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Due to some mistakes, I have a lot of machines that seem to be bound to Active Directory (AD) from their side, but not from the side of the AD. The machines thinks they are still in the AD, but the AD disagrees.

This results in the well known "The trust relationship between this workstation and the primary domain failed" error when trying to log on.

I would like to either remotely/programmatically reset the ComputerMachinePassword or remotely/programmatically take them out of the AD and then join them to the AD again. But I can't even have them leave the AD by any command. I did try a lot of approaches, ranging from PowerShell over WMIC up to netdom, usually always getting a "permission denied" error. I have tried with both the domain admin and the local admin (and combinations), remotely and on the machine itself.

I can, however, remove the machine via the GUI. I'd prefer not to do this with around 100 computers though ;)

The problem seems to be that the machine itself wants to see AD admin permissions for it to be removed, which I can't get (as the AD will not give it (anymore)).

Is there any way to remove the machines from AD (or make then not AD-bound anymore) by command line, when they are in this state?

  • One way to do this programmatically would be to temporarily change the machine's DNS settings so it can't find a DC, flush the DNS cache, remove it from the domain, then reconfigure the DNS settings. You'll want to thoroughly test such code lest you lock yourself out of the machine due to non-working DNS. Alternatively, you could create a temporarily firewall rule to block outbound DNS lookups to your DCs. That might be less risky. – I say Reinstate Monica Apr 30 '17 at 17:39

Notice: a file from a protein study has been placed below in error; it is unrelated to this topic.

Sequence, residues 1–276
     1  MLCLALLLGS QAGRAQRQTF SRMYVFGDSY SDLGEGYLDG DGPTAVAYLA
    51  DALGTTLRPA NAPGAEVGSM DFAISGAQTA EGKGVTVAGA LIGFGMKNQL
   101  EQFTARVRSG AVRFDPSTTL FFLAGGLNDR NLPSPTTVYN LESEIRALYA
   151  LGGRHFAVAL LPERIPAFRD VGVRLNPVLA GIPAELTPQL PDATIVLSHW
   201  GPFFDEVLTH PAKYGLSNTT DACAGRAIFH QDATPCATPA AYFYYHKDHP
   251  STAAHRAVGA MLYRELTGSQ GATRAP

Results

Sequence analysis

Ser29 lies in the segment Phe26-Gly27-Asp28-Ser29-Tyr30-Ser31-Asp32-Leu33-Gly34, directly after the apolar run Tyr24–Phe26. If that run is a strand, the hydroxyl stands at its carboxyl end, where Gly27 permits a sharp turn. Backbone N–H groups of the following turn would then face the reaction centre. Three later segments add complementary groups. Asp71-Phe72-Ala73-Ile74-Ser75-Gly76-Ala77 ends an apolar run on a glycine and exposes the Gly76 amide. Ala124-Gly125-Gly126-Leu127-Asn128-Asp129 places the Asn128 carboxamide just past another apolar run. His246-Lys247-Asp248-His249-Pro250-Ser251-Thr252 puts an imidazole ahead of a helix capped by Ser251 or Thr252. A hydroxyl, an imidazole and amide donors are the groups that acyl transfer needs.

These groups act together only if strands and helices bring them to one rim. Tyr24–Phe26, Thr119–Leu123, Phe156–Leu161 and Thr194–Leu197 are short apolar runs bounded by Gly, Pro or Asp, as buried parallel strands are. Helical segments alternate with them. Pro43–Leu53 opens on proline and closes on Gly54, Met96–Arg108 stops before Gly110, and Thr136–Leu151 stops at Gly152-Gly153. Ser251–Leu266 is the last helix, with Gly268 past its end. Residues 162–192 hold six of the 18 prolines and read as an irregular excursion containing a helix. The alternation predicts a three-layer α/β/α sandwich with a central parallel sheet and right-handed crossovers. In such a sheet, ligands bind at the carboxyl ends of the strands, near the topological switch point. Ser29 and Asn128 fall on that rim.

• That sounds promising. Might try that when I get back to work. Thank you :) – Kai Hatje May 1 '17 at 13:17
  • Kai, to bulk remove Computer objects from Active Directory, you could dump the computer names in a text file and then remove them with a Powershell line. Get-Content -Path C:\ComputersToRemove.txt | Remove-ADComputer -WhatIf Being a prudent sysadmin, I use -WhatIf before performing any serious action :p haha – Art.Vandelay05 May 2 '17 at 15:56
  • The problem pretty much "fixed itself". It initially came from trying to have macOS machines with the same name in the AD as well. Those macOS machines were removed. With some time, the Windows machines "regained" the trust and it is now possible to log in again. I think I will leave this as a comment, not an answer, as it doesn't really answer the original question. Am I right in that? Thanks to everyone who answered or commented :) – Kai Hatje May 3 '17 at 19:23
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Have you tried the Reset-ComputerMachinePassword powershell commandlet? I think you would need to run this command as a local administrator account, and use the -Credential option to give it a domain account with the proper rights to the computer account objects.

  • Yes I have, but as it doesn't support supplying a password directly and I don't have System.Management.Automation installed to create a PSCredential object, I couldn't use that approach via the command line. – Kai Hatje May 2 '17 at 8:05

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